Digital finance: Digital Operational Resilience Act (DORA)  
2020/0266(COD) - 24/09/2020  

PURPOSE: to lay down uniform requirements concerning the security of network and information systems supporting the business processes of financial entities with a view to achieving a high level of digital operational resilience for the financial sector.

PROPOSED ACT: Regulation of the European Parliament and of the Council.

ROLE OF THE EUROPEAN PARLIAMENT: the European Parliament decides in accordance with the ordinary legislative procedure and on an equal footing with the Council.

BACKGROUND: this proposal is part of the Digital Finance package, a package of measures to further enable and support the potential of digital finance in terms of innovation and competition while mitigating the risks. The digital finance package includes a new Strategy on digital finance for the EU financial sector with the aim to ensure that the Union’s financial services legislation is fit for the digital age, and contributes to a future-ready economy that works for the people, including by enabling the use of innovative technologies. The Union has a stated and confirmed policy interest in developing and promoting the uptake of transformative technologies in the financial sector, including blockchain and distributed ledger technology (DLT).

This package also includes a proposal for a pilot regime on distributed ledger technology market infrastructures, a proposal on crypto-asset markets, and a proposal to clarify or amend certain related EU financial services rules.

The use of digital, or Information and Communication Technologies (ICT) has in the last decades gained a pivotal role in finance, assuming today critical relevance in the operation of typical daily functions of all financial entities. Digitalisation covers, for instance, payments, which have increasingly moved from cash and paper-based methods to the use of digital solutions.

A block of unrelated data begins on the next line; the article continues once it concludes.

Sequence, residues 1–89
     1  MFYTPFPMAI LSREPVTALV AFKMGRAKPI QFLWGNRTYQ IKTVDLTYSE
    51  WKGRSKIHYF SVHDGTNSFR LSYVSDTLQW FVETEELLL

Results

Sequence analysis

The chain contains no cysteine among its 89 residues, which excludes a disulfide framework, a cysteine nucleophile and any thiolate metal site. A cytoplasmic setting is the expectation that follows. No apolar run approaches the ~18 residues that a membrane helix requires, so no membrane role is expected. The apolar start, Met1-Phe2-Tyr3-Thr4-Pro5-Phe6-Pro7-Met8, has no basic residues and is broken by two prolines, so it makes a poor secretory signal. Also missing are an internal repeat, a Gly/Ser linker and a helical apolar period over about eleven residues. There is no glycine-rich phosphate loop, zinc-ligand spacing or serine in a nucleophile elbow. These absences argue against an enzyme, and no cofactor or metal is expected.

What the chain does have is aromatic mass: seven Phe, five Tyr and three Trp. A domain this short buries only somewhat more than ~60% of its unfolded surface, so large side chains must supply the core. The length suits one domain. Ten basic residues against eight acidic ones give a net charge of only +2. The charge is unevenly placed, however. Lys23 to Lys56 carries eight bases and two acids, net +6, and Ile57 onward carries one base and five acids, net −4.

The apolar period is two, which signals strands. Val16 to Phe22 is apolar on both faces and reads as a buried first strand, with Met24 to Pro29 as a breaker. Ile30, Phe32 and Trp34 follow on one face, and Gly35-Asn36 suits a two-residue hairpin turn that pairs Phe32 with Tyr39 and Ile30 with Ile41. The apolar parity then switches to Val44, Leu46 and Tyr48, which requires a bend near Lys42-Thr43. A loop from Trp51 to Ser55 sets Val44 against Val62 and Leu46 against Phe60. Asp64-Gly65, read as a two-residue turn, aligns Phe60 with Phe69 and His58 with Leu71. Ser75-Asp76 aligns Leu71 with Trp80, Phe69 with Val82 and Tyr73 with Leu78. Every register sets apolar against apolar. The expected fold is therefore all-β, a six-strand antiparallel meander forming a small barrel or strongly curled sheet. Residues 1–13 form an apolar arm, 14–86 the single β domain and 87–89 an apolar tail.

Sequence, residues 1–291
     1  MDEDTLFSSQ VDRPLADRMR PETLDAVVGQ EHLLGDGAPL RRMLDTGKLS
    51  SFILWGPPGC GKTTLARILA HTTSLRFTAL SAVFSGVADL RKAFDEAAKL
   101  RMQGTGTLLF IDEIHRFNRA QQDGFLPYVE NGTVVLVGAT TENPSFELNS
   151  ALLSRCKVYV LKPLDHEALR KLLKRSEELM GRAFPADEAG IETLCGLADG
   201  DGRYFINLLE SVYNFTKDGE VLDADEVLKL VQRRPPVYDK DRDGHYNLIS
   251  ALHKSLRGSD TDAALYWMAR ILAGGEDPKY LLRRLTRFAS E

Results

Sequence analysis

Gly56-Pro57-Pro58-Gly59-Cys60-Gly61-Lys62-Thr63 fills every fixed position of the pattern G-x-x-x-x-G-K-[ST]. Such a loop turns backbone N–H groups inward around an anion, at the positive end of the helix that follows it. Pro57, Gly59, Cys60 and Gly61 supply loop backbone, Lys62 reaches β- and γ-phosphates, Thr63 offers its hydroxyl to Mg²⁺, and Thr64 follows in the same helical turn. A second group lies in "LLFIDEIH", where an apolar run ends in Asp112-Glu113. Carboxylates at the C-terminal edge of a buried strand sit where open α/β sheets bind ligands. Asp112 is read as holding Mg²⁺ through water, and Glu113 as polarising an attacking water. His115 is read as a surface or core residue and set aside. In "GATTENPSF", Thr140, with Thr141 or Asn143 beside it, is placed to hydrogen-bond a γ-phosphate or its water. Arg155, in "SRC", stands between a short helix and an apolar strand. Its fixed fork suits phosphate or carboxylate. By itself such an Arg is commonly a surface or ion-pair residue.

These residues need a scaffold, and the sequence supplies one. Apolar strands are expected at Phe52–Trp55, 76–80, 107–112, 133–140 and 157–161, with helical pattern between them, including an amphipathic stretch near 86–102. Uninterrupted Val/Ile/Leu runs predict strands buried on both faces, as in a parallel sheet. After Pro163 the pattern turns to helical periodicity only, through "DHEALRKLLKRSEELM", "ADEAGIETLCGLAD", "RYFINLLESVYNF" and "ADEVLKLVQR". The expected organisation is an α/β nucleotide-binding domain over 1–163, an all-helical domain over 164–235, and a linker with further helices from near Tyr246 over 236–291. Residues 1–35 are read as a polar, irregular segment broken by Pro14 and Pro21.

However, digital, or Information and Communication Technologies (ICT), gives rise to opportunities as well as risks. Risks include an increased threat to cyber attacks and ICT disruptions.

ICT risks pose challenges to the operational resilience, performance and stability of the EU financial system. The absence of detailed and comprehensive rules on digital operational resilience at EU level has led to the proliferation of national regulatory initiatives (e.g. on digital operational resilience testing) and supervisory approaches (e.g. addressing ICT third-party dependencies).

This situation fragments the single market, undermines the stability and integrity of the EU financial sector, and jeopardises the protection of consumers and investors.

It is therefore necessary to put in place a detailed and comprehensive framework on digital operational resilience for EU financial entities.

CONTENT: this proposal aims to put into place a comprehensive framework which shall enhance digital risk management. In particular, it seeks to strengthen and streamline the financial entities’ conduct of ICT risk management, establish a thorough testing of ICT systems, increase supervisors’ awareness of cyber risks and ICT-related incidents faced by financial entities, as well as introduce powers for financial supervisors to oversee risks stemming from financial entities’ dependency on ICT third-party service providers.

Scope of the Regulation

To ensure consistency around the ICT risk management requirements applicable to the financial sector, the proposed Regulation shall cover a range of financial entities regulated at Union level, namely inter alia: (i) credit institutions, (ii) payment institutions, (iii) electronic money institutions, (iv) investment firms, crypto-asset service providers, (v) central securities depositories, (vi) central counterparties, (vii) trading venues, (viii)  trade repositories, (ix) credit rating agencies, (x) crowdfunding service providers.